[You may already know about this. I didn't, but fortunately I have
friends who are infinitely more cultured and well-informed than I to
clue me in. NPR is working up their fifth round of what they call
Three-Minute Fiction — the idea being that they provide you with one or
two core elements, and then you write and submit a short story of up to
600 words (which, theoretically, can be read on-air in three-ish
This round is guided by writing superstar Michael Cunningham, who's provided a first line - "Some people swore that the house was haunted." - and a last line: "Nothing was ever the same again after that." Beyond
the fact that you can't go past 600 words for the whole thing, the rest
is up to you. In a lot of ways, it's very reminiscent of what we're
doing over at PoliteFictions.
You can find out more and submit your own entry to NPR here. The deadline is September 26th. My entry is below.]
• • •
Some people swore that the house was haunted. It was a rationalization of sorts, but in the end no worse than any other. Blind luck, or the lack thereof, was also named a candidate, as were karma, happenstance, and the somewhat less than benign indifference of the universe.
It certainly was no condemnation of the house itself. Three bedrooms, bath and a half. Yard and a garage. Flowering trees, and muscular coils of rhododendron like arms rising in victory along each front corner. In late spring, they erupted into a soft riot of violent and lavender, drawing clouds of small bees first ecstatic with purpose, then lulled to slow flight by the calming weight of pollen. I remember, that first April after we moved, taking a picture from the end of the driveway — the lens saturating with warm sunlight; cornflower blues and thick bladed greens and those long limbs of trunk, leaf and flower, embracing this miracle of shingle and glass. The clean white paint on clapboard. That gentle curve of brick, winding its way from asphalt to entrance. I remembering thinking, "This is ours. This is ours."
Maybe that was it. The sin of pride.
Funny, really, when I considered our first blush. "It has good bones," the realtor had said. Not an inappropriate observation, perhaps, but one we'd taken a leap of faith in adopting as our own: transforming this handsome skeleton in ragged clothes into the rest of our lives. We imagined those days ahead - peeling long strips of wallpaper like skin, razor stroke by razor stroke, cleansing the dark stains and quiet memories of other times, other families, to unveil it as something fresh and pure: a new bride - and together, looking, we leapt.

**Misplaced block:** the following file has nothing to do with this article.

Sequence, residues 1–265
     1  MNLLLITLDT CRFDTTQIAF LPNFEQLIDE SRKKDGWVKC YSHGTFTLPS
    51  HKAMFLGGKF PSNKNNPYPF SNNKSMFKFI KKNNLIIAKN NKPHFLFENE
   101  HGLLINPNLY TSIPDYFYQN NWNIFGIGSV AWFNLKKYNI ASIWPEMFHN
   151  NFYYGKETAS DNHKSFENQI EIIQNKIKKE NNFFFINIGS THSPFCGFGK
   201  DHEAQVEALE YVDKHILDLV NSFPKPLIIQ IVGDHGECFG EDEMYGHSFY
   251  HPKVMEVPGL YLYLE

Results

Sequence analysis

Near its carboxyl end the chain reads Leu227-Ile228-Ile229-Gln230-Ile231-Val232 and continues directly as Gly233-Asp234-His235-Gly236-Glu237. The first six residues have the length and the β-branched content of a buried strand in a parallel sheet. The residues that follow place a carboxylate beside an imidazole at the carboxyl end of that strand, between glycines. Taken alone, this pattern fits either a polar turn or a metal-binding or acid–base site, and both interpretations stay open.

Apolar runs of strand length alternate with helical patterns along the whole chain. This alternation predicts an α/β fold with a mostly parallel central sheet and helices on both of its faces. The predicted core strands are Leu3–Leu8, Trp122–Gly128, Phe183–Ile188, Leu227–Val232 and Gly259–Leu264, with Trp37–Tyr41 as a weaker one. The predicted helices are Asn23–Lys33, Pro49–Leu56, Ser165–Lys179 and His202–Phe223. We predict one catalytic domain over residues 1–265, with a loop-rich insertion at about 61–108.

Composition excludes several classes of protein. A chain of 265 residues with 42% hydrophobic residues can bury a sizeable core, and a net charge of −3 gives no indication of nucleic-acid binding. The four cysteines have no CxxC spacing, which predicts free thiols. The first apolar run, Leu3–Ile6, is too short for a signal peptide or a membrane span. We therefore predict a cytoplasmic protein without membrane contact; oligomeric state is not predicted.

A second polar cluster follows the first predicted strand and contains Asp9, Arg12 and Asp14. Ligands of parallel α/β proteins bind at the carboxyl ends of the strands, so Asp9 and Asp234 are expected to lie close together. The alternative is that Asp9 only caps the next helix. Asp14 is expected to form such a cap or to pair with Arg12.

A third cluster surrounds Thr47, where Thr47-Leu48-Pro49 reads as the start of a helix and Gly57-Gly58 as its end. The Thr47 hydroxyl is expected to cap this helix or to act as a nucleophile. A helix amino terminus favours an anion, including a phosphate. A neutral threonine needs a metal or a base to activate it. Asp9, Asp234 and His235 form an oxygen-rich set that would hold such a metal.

I drove to the house on the day before we closed. A child circling his presents on Christmas Eve, fingers dancing in anticipation. I wanted to see it, to know it, on this last day before it was ours. To catalogue this mercury-slick sliver of time, coming one day a stranger... and the next, coming home.
He was mowing the lawn. His hair long, half-shadowing his eyes, gray-black stubble lining the sharp angles of his jaw and cheeks. The owner's son, acting at his father's behest. We'd met the owner before, once: near 80, pale blue eyes wrapped in the thin sulci of his paraffin skin, his smile growing warm as he filled with memory. Of this house. Of his wife. Their daughter and son, riding tricycles across the floor. Growing tall. Growing old.
"This house," he said. "It... embraces you."
I sat in my car and watched, and imagined his father gently making the request. A final, kind gesture — a parent, smoothing the unruly hair of a child. I imagined him seeking out his son's eyes, making sure he understood. Ensuring the message navigated whatever twisting roads or thorned crowns that might block the way.
He moved slowly, his feet a deliberate shuffle. Carving neat, even lines across the grass. His lips moving with each step, engaged in quiet conversation with unheard voices.
I wondered how it had been, to watch him grow from a child into a shell of a man.
The next day pen met paper, checks exchanged hands, and at last: keys. I drove us home, and carried my wife over the threshold. I remember her smiling at me: the slender lines in her face not yet betraying the gentler curves of the coming months. Our own son, only a tiny nestling of cells. Growing restlessly.
Nothing was ever the same again after that.